UP Elections 2022: What The Large And Small Parties Have Been Upto In Recent Days

UP Elections 2022: What The Large And Small Parties Have Been Upto In Recent Days Akhilesh Yadav of the Samajwadi Party and Sanjay Singh of the Aam Aadmi Party (Twitter)
  • As the weeks pass and Uttar Pradesh mover closer to its assembly election, the strategy of different parties in the fray becomes increasingly clear.

As Uttar Pradesh assembly elections approach next year, political parties in the state are honing their campaigns to win the most populous state in the country. The elections will likely be held between the months of February to March next year to elect 403 members of a new assembly.

The state with a 23 crore plus population is a composite of various castes and communities, which align and realign to boost different alliances to power.

Scheduled Castes (SC) constitute close to 20 per cent of the state’s population. Other Backward Castes (OBC) constitute around 40 per cent of the population, of which, Yadavs are the largest OBC community, wielding substantial political clout. They form around 15 per cent of the state's population.

The so-called forward castes constitute around 23 per cent, while Muslims constitute around 19 per cent of the state’s population. Around 80 per cent of the state’s population lives in rural areas, with a large proportion engaged in agriculture.

Caste Calculus

Different political parties have started social engineering their vote banks. The incumbent Bhartiya Janata Party (BJP) won an overwhelming three-quarter majority of 312 seats with around 40 per cent vote share in the 2017 assembly elections based on its 60-40 strategy. Under it, BJP focussed on the 60 per cent vote remaining after removing Yadav, Jatav, and Muslims rallying behind SP and BSP.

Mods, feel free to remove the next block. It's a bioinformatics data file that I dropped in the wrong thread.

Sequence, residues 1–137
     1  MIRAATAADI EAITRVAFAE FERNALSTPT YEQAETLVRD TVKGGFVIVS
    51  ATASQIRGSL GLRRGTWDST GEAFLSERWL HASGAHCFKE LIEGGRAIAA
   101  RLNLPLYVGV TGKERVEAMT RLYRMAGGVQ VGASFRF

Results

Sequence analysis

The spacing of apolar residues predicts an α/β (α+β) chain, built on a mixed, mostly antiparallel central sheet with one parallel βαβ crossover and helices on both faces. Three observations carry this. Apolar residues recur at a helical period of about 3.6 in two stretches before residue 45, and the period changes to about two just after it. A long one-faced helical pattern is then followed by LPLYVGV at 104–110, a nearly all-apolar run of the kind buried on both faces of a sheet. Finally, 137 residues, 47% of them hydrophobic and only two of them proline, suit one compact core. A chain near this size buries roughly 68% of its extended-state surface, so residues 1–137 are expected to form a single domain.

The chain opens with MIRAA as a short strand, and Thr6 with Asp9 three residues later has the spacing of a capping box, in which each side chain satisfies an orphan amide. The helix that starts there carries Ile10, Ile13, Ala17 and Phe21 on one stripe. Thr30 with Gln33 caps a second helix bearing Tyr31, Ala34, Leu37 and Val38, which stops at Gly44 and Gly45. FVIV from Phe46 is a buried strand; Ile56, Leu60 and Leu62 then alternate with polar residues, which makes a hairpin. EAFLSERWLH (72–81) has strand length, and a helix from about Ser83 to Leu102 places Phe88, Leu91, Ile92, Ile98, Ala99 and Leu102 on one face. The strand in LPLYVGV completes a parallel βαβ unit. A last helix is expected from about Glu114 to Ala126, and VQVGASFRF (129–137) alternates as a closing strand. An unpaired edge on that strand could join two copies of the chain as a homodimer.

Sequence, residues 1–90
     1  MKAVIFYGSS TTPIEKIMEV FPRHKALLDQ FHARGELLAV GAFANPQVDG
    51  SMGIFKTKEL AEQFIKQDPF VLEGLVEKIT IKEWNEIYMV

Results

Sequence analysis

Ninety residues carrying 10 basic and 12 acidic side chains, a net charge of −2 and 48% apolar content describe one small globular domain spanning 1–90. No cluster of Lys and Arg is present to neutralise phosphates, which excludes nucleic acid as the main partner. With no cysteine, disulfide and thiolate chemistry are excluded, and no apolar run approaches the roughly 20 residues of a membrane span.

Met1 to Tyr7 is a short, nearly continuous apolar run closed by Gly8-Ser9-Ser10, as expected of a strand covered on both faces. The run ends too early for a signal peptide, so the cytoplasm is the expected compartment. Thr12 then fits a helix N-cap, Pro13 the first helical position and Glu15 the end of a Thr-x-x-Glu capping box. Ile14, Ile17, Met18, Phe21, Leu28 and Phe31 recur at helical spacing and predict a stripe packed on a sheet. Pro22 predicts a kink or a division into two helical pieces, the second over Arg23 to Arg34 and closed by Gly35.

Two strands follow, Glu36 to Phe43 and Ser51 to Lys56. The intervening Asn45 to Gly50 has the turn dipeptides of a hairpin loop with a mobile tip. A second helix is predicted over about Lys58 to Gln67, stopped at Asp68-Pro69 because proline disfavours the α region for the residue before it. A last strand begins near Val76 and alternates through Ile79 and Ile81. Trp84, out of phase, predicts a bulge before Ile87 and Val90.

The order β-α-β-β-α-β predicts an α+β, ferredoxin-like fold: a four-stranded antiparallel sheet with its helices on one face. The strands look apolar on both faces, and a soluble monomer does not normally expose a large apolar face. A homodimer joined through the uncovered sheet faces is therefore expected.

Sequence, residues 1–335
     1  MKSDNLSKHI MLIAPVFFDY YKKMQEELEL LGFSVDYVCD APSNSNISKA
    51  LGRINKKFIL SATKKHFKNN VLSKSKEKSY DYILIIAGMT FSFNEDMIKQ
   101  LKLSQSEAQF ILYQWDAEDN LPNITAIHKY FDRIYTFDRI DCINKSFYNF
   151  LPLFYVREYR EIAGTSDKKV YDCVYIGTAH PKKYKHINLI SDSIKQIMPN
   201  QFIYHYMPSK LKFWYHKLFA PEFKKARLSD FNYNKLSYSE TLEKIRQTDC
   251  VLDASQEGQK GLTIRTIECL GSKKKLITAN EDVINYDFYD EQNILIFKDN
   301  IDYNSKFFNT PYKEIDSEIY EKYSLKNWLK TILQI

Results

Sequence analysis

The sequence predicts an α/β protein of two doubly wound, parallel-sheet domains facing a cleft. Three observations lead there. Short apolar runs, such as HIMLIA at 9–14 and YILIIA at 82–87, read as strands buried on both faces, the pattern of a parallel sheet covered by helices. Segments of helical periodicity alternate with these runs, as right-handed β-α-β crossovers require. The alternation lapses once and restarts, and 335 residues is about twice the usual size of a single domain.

The BJP seems to be sticking to this strategy for the upcoming elections.

In recent cabinet reshuffle, seven MPs from Uttar Pradesh were inducted into the union council of ministers. Of these, Anupriya Patel and Pankaj Chaudhary are from the Kurmi community, which comprises 10 per cent of UP’s population — the second highest OBC demographic in the state after the Yadavs. B L Verma is from the Lodhi caste and has been the state BJP vice-president since 2018 in UP BJP.

Apart from three OBC faces, three others were from the Dalit community. Kaushal Kishore, the Dalit MP from Mohanlalganj seat, belongs to the Pasi community. Bhanu Pratap Verma from the Bundelkhand is from the Kori community. The third face was Agra MP SP Singh Baghel, who earlier served as a cabinet minister in the Yogi government.

The political parties are also reportedly competing for the Brahmin vote in Uttar Pradesh who are 11 per cent of the state’s population. Their vote is decisive on at least 115 seats out of the total 403.

A popular experiment in mobilising their vote was done by Mayawati in 2007. She gave the slogan, "Brahmin shankh bajayega, hathi dauda aayega" (The Brahmin will blow the conch, and the elephant will come running) and won the elections. In 2012, upset with Mayawati, a substantial portion of the Brahmin vote is said to have shifted to the Samajwadi Party and it formed the government.

In 2017, BJP was able to turn the tables, and captured around 80 per cent Brahmin vote. Compare this to 2012 and 2007 when the number stood close to 40 per cent.

Meanwhile, all eyes are on the increasing warmth between SP and Aam Aadmi party (AAP). AAP leader Sanjay Singh recently met Akhilesh Yadav and has been vocal in praising him for a while. Singh himself hails from Sultanpur in UP, and was reportedly once close to Mulayam Singh Yadav.